The practice of history is a professional skill. It requires training and experience in critically assessing the evidence and events of the past and placing them in context.
Professional historians are quite different from history enthusiasts who enjoy subjects like family history.
Such people are often very good at collecting and sorting information, but may not have the professional skills and background knowledge to analyse and interpret this source material. The difference is similar to that between a qualified medical practitioner and someone having a knowledge of first aid.
To become a professional historian you need qualifications
The basic qualification for a professional historian is an Honours degree or equivalent in the discipline of history from an appropriate tertiary institution. To become a member of a Professional Historians Association the qualification must be recognised under the National Standard for the Accreditation of Professional Historians in Australia.
The study of history at school is beneficial, but is not a prerequisite for tertiary study in history. At tertiary level, undergraduate students can study various fields of history (such as Australian, Asian or European history). That study is usually oriented toward either research or practical skills. When the emphasis is on research, a specific topic is usually investigated and presented as an Honours dissertation. Postgraduate research (a Masters or Doctorate degree) extends the historian's skills in research, analysis and writing through the preparation of a thesis on a selected topic.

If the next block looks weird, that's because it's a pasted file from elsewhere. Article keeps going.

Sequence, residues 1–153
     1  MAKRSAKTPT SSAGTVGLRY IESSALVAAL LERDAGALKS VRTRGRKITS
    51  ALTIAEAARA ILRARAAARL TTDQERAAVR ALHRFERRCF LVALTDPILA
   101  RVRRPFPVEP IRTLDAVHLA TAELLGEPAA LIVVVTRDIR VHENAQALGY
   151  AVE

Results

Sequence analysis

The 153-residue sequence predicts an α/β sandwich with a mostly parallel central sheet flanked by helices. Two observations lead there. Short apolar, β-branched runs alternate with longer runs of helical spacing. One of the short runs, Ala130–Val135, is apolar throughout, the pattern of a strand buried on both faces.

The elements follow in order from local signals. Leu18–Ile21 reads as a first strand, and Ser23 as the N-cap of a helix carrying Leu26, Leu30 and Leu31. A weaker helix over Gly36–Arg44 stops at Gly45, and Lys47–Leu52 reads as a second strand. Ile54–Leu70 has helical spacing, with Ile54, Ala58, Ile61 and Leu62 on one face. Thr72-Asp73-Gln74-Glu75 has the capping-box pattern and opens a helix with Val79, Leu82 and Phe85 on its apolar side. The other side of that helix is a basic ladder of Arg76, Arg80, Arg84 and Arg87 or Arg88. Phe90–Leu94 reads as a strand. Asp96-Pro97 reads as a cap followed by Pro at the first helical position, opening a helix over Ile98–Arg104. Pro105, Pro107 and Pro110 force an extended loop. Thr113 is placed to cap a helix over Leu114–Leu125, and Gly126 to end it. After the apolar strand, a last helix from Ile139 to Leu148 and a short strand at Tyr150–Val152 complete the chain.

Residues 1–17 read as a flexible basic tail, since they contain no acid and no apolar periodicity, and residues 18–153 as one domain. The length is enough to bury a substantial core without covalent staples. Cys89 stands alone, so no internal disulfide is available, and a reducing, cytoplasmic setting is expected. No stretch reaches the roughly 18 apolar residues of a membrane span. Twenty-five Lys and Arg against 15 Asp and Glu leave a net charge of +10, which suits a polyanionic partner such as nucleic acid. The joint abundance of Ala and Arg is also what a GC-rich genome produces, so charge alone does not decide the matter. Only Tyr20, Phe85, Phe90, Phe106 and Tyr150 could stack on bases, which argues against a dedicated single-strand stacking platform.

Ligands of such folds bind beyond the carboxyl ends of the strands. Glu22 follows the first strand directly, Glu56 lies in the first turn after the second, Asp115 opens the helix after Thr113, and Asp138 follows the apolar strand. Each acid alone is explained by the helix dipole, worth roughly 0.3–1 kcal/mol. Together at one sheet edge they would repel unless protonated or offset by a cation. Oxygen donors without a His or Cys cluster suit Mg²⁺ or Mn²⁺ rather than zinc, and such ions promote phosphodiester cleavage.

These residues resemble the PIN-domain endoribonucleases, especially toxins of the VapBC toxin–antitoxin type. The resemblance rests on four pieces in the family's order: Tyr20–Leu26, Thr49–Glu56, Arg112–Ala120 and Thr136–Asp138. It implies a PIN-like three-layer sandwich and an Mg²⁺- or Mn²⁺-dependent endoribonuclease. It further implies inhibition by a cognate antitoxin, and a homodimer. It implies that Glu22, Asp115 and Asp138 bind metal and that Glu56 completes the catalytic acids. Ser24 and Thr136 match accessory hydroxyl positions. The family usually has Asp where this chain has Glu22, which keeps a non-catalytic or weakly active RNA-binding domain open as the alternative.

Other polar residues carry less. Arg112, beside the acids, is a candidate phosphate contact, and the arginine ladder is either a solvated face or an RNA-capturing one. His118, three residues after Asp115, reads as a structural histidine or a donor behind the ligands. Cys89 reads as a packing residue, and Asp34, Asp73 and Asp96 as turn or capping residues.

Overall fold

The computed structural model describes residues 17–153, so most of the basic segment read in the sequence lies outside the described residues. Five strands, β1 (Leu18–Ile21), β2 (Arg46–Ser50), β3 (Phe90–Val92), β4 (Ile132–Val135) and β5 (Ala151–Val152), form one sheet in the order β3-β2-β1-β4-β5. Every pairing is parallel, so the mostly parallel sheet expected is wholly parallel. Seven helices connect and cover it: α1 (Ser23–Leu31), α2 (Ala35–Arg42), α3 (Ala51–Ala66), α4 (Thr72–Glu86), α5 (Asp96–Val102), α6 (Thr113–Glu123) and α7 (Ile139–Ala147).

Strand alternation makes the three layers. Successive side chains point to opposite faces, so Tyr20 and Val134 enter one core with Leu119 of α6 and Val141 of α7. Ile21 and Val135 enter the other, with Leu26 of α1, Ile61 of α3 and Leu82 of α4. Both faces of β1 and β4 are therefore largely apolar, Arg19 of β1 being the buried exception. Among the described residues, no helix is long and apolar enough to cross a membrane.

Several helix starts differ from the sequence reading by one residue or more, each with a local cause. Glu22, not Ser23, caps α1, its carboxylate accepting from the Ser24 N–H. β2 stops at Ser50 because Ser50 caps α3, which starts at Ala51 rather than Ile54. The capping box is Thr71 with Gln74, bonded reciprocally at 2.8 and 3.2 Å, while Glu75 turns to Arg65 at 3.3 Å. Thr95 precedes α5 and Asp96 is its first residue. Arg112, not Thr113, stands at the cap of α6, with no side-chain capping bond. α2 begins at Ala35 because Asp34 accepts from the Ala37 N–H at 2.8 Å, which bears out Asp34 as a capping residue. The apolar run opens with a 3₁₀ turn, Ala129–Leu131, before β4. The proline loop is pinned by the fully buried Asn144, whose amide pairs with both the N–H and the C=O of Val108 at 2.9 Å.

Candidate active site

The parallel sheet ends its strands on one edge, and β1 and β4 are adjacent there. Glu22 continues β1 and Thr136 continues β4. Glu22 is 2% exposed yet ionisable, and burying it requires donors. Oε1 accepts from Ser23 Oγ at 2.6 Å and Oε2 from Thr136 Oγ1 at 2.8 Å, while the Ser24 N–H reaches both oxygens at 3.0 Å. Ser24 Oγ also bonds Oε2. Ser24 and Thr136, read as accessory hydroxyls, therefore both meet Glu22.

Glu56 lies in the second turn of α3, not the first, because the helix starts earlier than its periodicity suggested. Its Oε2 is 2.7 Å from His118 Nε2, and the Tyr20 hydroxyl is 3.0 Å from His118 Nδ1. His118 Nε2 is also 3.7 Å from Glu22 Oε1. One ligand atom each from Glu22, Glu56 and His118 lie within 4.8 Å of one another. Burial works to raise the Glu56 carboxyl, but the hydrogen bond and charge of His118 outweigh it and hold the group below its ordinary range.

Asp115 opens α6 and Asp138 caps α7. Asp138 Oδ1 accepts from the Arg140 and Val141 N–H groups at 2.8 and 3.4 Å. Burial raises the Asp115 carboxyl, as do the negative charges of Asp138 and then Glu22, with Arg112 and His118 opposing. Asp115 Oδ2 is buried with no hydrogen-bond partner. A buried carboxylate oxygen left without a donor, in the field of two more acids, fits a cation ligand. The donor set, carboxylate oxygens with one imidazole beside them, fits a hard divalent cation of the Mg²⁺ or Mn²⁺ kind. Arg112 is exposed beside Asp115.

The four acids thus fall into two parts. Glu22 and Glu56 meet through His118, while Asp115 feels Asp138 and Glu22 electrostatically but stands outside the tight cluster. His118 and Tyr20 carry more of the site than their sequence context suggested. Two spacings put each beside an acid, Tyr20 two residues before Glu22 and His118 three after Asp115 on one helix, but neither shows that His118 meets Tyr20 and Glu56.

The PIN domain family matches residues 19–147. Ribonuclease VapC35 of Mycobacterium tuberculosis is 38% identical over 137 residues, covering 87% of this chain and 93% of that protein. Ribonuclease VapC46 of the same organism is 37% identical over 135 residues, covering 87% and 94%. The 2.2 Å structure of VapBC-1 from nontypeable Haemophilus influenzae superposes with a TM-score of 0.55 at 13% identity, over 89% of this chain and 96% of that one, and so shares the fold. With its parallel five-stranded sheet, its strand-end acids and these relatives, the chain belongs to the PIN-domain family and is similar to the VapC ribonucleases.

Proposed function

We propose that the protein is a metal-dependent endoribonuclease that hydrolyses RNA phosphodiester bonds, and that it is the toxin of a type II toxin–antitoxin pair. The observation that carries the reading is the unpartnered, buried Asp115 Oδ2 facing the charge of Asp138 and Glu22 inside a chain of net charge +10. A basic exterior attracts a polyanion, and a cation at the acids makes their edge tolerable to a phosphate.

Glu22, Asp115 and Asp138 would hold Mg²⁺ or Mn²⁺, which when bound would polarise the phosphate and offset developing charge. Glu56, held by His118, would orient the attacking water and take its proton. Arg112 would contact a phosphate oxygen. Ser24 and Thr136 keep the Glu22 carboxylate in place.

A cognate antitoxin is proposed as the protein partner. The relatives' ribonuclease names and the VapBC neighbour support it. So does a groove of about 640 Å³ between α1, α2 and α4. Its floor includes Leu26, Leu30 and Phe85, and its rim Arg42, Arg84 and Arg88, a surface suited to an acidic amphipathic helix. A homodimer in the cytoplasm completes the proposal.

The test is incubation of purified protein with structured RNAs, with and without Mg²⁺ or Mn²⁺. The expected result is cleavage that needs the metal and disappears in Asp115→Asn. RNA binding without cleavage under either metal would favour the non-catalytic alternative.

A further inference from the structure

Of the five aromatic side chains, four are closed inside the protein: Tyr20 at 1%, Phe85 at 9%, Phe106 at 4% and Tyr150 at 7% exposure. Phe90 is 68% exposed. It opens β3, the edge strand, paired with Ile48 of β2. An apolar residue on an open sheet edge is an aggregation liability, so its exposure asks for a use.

When the emphasis is on the development of practical skills, a postgraduate qualification in public or applied history will refine the historian's skills for use in specific professional fields such as museums, heritage, radio, film and television and digital history.
For teaching history in secondary schools, an education qualification (such as a Diploma in Education) is required. Contact your state or territory History Teacher Association for further information.
Professional historians may work as employees in organisations (for example, government departments), as contractors or as consultants. The first is a more secure existence, however, options for permanent employment have lessened in recent years due to economic constraints.
Opportunities for short, medium and long-term contracts and consultancies also arise in government bodies, museums, archives, in heritage practice and elsewhere. Such positions are usually widely advertised. State and territory Professional Historians Associations (PHAs) also publicise employment opportunities for their members.
Joining your relevant PHA after graduation from your tertiary history course will give you access to advice, information, a professional support network and, most importantly, accreditation for your qualifications.